Recruitment processes in West Greenland waters : with special focus on Greenland halibut (Reinhardtius hippoglossoides, W.)
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The topic of this thesis is recruitment processes in Greenland Halibut (Reinhardtius hippoglossoides) in West Greenland waters. The focal point is Greenland halibut’s early life history from oocytes in the female ovary - to larvae living in the pelagic - to juveniles on the sea bottom. These early life stages are examined in four studies: Ovary and oocyte development in adult female Greenland halibut was studied in Davis Strait, Disko Bay and Baffin Bay. The objective of this study was to track and compare ovary development from winter to autumn from the inshore fjords of Disko Bay, Baffin Bay and the presumed spawning area in Davis Strait. Results showed that maturity was much more progressed in Davis Strait compared to the two other areas. Furthermore, almost all adult female fish in Davis Strait showed signs of maturation while only a fraction of the larger females (>80 cm length) were mature in Disko and Baffin Bay. A large proportion of the Greenland halibut in Disko and Baffin Bay did not appear to begin the maturation cycle until very late in their life history and/or were repeat spawners with a multiyear maturation cycle. Thus the observations from Disko and Baffin Bay support the theory that Greenland halibut can have a prolonged adolescent phase. The result from the study also strongly indicated that Davis Strait was the only major spawning area in West Greenland. Larvae distribution and growth of Greenland halibut and Sandeel (Ammodytes sp.) was studied across the West Greenland shelf. The objective of this study was to analyse spatial distribution and growth during three periods May, June and July and relate these to cross shelf variability in biological and hydrographical conditions in order to identify areas of special importance for larval growth and survival. Results showed that in May small Greenland halibut larvae, some still with small remains of the yolk-sac, were primarily distributed offshore in Davis Strait. Their distribution coincided with their prey resources while some vagrant larvae were dispersed to areas with less food, which likely resulted in higher mortality rates. Consequently, the emergence of first feeding Greenland halibut larvae matched their prey in time and space which is believed to be crucial for survival success at this critical stage in their development. From June to July Greenland halibut larvae gradually shifted their distribution from the bank slopes to the deeper parts of the slope near the shelf break. The lack of clear and well-defined frontal zones made it difficult to evaluate the hydrographical processes that had significance for larval distribution patterns. Greenland halibut larvae did, however, show preference for stratified water masses. Growth analysis of Greenland halibut larvae was only possible for July and showed higher growth was observed at stations positioned in frontal zones suggesting that growth was significantly influenced by the level of frontal activity. The study also included distribution and growth comparisons with sandeel. The larvae of sandeel was considerably more associated to the banks and bank slopes than Greenland halibut larvae in all three months (May-July), however in June, the two species coexisted considerably in the same areas of the cross shelf. The growth analysis showed that sandeel and Greenland halibut larvae showed opposite responses to some hydrographical conditions and prey abundance. Sandeel growth decreased with increasing frontal activity and increased with increasing prey biomass. The later observation suggests that sandeel growth was limited by food availability. Cross shelf variation in growth in Greenland halibut larvae showed that enhanced growth was observed at some stations where they were most abundant. Overall, however, there was no clear association between larval growth and larval abundances for neither Greenland halibut nor sandeel larvae. The observed patchiness in larval distribution could therefore also be a result of retention mechanisms and / or predation mortality. The feeding ecology of pelagic Greenland halibut and sandeel larvae was studied across the West Greenland shelf. The aim of this study was to analyse and compare feeding ecology of coexisting Greenland halibut and sandeel larvae. Diet analysis and prey preference considerations were used to assess spatial variation in prey availability and feeding. The hypothesis was that feeding conditions are optimal in central areas of fish larval distribution, and that timing of larval emergence is synchronised with prey availability. The study showed that for both species copepods were the main prey items and that absolute size of preferred prey increased during larval ontogeny. However, preferred copepod size in relation to larval length differed markedly between Greenland halibut and sandeel. In Greenland halibut the relative size of the prey declined during growth of the larvae while for sandeel the relative size of prey remained constant at a level of 2.7% of larval length. This led to a reduction in prey niche overlap between the two species as Greenland halibut and sandeel larvae increased in size. The available prey copepod biomass differed distinctly across the shelf area. In May, Greenland halibut prey density was highest in the off-shelf area in Davis Strait. In June and July, the prey rich areas for both species were mainly located on the slopes of the banks and at the shelf break area. In these areas gut fullness was higher than in neighbouring areas, suggesting that the food resource could be scarce. The feeding ecology of Greenland halibut and sandeel could explain why larval abundance indices for the two species historically have shown opposite responses to annual environmental conditions and total zooplankton occurrence. Drift and growth of Greenland halibut from eggs throughout the pelagic larval stage was tracked from sub-population spawning areas in Davis Strait, Baffin Bay, East Greenland and West Iceland by combing drift- and individual-based egg and larval temperature dependent growth models. Model results were compared to survey results and the settling process was followed at Store Hellefisk Bank in West Greenland. The aim of this study was to evaluate spatio-temporal distribution of small first feeding and large settling larvae, and the between metapopulations. Results showed that egg and larvae can drift for long distances and that the exchange of individuals among the geographically-separated sub-populations could be important for metapopulation dynamics. Larvae from the spawning area in Davis Strait were primarily (>60%) transported to Canadian waters. Only larvae from the eastern part of the spawning area in Davis Strait remained in West Greenland. All larvae from the East Greenland spawning area were transported south of Cape Farewell and to West Greenlandic (82%) or Canadian (18%) waters. From the West Icelandic spawning areas larvae either, depending on the spatial location on the emergence first feeding larvae, drifted to East Greenland (45-53%), West Greenland (19−34%) or Northern Iceland (21−28%) or remained (>98%) in Iceland waters. In Baffin Bay low water temperatures resulted in very slow development rates and eggs probably never hatched. The surveys showed that in West Greenland larvae settling started in August and continued in September but the settling peak period could not be determined. The study in the two areas of Hellefisk Bank showed that juveniles of age 1 and 2+ almost exclusively occurred in one area while the 0-group was equally distributed in both areas. In the area of high juvenile age 1 and 2+ abundance the condition and stomach fullness was significantly higher than in the low abundance areas. Nursery ground processes within the first year clearly restricted the successful nursery area to a more specific bottom habitat types. The concentrating of juveniles into specific nursery areas implies that juvenile densities may approach the carrying capacity of their habitats in years when settlement is high, which would dampen the annual variability in year class strength of Greenland halibut.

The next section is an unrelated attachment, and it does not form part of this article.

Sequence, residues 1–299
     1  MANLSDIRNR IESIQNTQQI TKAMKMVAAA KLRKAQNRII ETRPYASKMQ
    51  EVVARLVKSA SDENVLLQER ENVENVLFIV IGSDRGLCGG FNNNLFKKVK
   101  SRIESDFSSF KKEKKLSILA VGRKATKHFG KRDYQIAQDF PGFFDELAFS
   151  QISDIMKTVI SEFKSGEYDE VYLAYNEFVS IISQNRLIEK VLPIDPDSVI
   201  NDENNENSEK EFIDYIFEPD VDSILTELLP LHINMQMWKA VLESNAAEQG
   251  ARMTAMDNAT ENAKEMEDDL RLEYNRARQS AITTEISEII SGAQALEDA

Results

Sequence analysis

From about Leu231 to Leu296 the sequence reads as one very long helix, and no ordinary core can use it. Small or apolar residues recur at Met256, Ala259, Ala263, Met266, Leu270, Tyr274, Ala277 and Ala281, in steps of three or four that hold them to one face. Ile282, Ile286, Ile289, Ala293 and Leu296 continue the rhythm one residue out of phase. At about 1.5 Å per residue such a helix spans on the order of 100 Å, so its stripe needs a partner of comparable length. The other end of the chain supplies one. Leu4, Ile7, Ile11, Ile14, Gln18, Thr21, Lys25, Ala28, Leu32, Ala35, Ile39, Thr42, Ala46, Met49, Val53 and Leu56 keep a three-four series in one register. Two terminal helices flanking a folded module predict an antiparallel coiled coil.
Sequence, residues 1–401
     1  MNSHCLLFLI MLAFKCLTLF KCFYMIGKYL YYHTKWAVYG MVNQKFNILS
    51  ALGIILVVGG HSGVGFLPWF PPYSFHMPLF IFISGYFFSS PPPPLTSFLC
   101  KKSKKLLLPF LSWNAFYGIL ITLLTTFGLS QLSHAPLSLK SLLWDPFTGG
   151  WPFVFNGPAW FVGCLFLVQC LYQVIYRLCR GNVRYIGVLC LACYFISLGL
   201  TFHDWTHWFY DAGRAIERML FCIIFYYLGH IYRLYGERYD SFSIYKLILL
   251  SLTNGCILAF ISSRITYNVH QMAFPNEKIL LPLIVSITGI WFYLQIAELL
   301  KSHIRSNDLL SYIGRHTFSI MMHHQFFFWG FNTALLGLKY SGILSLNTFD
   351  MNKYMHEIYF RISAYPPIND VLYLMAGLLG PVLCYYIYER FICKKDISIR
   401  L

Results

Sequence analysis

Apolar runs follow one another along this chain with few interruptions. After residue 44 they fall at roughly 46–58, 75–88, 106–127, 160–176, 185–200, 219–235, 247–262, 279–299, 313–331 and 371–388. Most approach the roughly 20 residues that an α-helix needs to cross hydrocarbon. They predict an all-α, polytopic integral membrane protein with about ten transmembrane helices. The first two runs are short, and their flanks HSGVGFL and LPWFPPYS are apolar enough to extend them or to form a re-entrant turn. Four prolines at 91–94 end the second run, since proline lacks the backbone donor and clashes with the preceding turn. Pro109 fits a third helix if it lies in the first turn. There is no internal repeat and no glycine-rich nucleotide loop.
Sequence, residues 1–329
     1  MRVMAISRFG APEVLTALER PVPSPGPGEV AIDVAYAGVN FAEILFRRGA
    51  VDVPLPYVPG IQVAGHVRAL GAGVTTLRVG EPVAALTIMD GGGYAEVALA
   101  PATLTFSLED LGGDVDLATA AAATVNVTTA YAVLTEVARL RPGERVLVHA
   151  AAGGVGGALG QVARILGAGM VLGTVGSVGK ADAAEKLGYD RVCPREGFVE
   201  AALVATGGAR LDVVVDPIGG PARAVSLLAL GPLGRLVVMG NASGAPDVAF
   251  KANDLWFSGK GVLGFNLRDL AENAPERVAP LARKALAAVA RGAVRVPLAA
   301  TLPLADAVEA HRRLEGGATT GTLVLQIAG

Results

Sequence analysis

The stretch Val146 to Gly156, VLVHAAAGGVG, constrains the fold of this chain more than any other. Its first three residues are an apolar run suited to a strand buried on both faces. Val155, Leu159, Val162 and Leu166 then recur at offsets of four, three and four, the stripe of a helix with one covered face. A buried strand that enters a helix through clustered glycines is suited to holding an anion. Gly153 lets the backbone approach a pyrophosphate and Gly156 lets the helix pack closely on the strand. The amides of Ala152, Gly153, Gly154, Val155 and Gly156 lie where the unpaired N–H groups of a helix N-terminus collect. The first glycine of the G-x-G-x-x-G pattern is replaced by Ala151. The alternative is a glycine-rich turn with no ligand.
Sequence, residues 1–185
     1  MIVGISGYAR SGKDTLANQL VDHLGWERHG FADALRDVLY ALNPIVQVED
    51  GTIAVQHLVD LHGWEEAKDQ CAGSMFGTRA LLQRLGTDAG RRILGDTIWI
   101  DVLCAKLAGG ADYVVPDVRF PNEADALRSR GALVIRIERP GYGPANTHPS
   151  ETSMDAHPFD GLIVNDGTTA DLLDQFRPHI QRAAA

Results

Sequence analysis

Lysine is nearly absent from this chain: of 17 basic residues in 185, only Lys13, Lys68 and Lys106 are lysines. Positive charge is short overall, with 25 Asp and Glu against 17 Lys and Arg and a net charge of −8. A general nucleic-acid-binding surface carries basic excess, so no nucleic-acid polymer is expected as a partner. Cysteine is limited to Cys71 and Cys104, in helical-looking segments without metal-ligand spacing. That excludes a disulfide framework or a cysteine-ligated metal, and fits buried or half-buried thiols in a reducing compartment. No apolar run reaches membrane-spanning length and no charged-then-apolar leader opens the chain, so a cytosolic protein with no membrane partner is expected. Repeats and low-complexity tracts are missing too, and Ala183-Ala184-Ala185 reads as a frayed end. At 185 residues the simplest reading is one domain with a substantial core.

Has partsPaper I: Journal of Fish Biology, 67, Simonsen CS, Gundersen AC (2005) Ovary development in Greenland halibut (Reinhardtius hippoglossoides) in West Greenland waters.p. 1299-1317.
Paper II:Stenberg C, Folkvord A, Pedersen SA, Høines Å (Manuscript). Distribution and growth of Greenland halibut (Reinhardtius hippoglossoides) and sandeel (Ammodytes sp.) larvae in the sea off West Greenland: pp. 37
Paper III:Marine Biology 149, Simonsen, C. S.; Munk, P.; Folkvord , A.; Pedersen, S. A., Feeding ecology of Greenland halibut and sandeel larvae off West Greenland., pp. 937-952. Copyright 2006 Springer-Verlag. Abstract only. Full-text not available due to publisher restrictions. http://dx.doi.org/10.1007/s00227-005-0172-5